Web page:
After that, find all the nodes you can start from (ie. all buses whose stops include source) and all the nodes you want to reach (ie. all buses whose stops include target). Then you can see a BFS coming into shape, remember to record the distance along the way.
Hopefully this makes the problem more approachable.
Based on your hint, the key is to treat each bus as a node in the graph. Two nodes (buses) are connected if their routes share at least one bus stop. The BFS will then be performed over the buses instead of the bus stops. This could likely solve the time limit exceeded (TLE) problem you were facing.
First, we need to determine which buses are “connected”, i.e., share at least one common bus stop. Then, we find all buses that have the source in their route and all buses that have the target in their route.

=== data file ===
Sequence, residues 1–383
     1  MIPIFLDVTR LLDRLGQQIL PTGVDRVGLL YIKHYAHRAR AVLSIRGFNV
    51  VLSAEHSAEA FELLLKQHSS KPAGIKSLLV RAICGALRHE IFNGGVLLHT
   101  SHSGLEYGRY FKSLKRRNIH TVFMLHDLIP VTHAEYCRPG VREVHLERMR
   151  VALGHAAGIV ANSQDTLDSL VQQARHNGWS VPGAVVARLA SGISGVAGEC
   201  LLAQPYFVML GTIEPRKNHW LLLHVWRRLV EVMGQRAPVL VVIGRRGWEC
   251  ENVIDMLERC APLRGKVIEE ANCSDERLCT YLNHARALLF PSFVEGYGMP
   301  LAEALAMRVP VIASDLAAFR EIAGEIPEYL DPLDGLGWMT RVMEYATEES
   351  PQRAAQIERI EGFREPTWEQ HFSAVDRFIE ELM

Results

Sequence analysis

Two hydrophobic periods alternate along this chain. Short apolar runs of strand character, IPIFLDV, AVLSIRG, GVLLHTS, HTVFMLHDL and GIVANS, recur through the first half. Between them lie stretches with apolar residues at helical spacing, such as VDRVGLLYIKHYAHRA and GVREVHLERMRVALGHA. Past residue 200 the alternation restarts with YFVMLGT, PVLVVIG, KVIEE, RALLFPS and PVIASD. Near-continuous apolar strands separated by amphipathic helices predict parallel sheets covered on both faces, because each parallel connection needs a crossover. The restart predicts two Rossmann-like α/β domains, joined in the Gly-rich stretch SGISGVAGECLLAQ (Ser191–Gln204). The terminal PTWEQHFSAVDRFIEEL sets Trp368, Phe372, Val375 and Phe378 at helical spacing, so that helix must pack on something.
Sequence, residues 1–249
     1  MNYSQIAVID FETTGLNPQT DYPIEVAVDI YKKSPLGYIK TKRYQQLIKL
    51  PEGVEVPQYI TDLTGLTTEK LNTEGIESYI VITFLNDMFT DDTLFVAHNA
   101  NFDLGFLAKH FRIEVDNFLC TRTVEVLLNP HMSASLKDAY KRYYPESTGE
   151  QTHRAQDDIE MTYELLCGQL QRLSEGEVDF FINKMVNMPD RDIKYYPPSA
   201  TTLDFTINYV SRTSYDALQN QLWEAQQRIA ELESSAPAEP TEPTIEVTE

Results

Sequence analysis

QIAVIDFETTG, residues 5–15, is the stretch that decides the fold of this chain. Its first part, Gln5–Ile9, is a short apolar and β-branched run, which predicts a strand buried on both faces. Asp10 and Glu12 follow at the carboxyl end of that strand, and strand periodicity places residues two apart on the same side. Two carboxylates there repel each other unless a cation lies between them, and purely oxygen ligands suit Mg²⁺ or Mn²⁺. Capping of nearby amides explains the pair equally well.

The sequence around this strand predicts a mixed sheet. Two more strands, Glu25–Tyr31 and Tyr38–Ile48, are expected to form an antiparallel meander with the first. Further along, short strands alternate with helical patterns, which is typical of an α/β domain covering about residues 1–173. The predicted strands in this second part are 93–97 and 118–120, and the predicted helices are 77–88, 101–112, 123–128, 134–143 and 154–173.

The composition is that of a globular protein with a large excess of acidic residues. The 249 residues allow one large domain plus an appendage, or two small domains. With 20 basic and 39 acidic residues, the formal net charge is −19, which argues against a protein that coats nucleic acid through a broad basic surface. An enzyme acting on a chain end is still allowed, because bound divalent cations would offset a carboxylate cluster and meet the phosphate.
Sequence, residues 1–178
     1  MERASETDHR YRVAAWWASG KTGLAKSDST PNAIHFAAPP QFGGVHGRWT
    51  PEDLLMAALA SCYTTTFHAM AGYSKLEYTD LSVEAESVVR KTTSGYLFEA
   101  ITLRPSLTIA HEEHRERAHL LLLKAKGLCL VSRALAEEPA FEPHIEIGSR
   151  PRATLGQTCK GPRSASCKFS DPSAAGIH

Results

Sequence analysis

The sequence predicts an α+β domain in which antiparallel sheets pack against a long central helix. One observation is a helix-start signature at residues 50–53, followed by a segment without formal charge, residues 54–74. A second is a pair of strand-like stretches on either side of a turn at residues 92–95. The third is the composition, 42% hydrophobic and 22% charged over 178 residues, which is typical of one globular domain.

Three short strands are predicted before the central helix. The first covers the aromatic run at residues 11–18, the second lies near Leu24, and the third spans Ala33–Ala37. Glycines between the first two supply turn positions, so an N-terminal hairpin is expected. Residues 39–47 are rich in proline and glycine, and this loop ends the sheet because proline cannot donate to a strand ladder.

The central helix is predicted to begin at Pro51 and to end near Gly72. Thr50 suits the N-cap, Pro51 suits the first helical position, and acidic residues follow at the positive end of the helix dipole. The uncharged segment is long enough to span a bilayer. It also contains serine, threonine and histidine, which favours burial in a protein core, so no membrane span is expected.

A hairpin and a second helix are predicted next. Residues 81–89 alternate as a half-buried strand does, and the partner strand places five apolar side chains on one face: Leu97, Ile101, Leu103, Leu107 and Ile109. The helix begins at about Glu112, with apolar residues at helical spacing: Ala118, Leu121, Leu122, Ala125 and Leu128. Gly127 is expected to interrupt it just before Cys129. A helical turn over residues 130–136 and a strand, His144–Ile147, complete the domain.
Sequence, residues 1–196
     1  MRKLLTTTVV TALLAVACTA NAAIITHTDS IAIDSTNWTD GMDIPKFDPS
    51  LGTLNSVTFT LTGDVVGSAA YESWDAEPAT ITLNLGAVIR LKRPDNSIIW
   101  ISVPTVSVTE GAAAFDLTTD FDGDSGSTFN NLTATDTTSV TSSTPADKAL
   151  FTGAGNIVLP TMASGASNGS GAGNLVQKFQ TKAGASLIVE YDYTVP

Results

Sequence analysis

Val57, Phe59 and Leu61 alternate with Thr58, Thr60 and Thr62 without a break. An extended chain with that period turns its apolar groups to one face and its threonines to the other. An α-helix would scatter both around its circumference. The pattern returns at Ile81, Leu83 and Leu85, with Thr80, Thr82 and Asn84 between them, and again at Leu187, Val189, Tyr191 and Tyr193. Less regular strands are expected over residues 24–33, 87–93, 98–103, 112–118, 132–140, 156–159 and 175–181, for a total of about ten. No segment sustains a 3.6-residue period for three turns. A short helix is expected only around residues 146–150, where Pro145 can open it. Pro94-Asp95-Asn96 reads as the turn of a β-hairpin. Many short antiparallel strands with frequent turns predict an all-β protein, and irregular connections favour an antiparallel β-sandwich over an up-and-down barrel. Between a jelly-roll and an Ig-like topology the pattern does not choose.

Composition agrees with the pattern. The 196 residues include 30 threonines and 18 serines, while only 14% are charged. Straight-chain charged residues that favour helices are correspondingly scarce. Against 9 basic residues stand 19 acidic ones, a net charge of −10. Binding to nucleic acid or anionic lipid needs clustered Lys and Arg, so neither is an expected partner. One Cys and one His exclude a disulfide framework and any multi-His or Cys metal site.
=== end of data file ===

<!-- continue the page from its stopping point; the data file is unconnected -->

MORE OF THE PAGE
Finally, we perform a BFS over this graph of buses, starting from the buses that include the source, with the aim to reach a bus that includes the target in its route.
Another Hint: One solution is to think about this problem as a graph problem, where buses and bus stops are both vertices in the same graph. Then try using BFS to find the shortest path from source to target.
You’re correct. To reiterate, the crux of this problem lies in modeling it as a graph problem, where each bus route is a node, and there exists an edge between two nodes if their corresponding bus routes share at least one bus stop.
Once we establish this framework, we can utilize BreadthFirst Search (BFS) to find the shortest path (minimum number of buses) from source to target. The BFS starts from all buses that pass through the source stop and spreads to neighboring buses that share at least one stop with the current bus. This process continues until the BFS reaches a bus that passes through the target stop.